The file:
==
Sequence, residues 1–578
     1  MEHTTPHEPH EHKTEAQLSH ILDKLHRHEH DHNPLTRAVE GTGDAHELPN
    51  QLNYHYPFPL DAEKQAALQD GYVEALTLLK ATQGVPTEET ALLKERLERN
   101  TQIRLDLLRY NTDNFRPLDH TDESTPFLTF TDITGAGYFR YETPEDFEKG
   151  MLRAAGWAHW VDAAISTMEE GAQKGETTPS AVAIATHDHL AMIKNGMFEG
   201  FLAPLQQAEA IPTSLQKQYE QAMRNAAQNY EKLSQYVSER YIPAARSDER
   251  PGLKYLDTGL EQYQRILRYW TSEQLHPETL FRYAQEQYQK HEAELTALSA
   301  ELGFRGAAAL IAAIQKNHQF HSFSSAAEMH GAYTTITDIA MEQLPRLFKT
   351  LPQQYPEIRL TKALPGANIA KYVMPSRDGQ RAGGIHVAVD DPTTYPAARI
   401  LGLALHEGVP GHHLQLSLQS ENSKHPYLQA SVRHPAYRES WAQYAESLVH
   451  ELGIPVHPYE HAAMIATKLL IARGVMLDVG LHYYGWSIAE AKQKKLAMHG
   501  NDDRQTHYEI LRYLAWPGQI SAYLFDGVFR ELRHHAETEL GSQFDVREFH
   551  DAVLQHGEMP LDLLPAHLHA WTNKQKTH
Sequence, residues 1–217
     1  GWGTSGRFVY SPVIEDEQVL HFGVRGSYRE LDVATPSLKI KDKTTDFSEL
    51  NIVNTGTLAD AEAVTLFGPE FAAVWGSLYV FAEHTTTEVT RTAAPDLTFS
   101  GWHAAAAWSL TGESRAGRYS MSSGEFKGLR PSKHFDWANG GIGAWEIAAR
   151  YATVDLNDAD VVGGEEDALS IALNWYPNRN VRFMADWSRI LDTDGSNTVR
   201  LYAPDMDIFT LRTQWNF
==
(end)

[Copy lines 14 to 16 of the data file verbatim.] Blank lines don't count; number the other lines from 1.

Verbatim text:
Sequence, residues 1–217
     1  GWGTSGRFVY SPVIEDEQVL HFGVRGSYRE LDVATPSLKI KDKTTDFSEL
    51  NIVNTGTLAD AEAVTLFGPE FAAVWGSLYV FAEHTTTEVT RTAAPDLTFS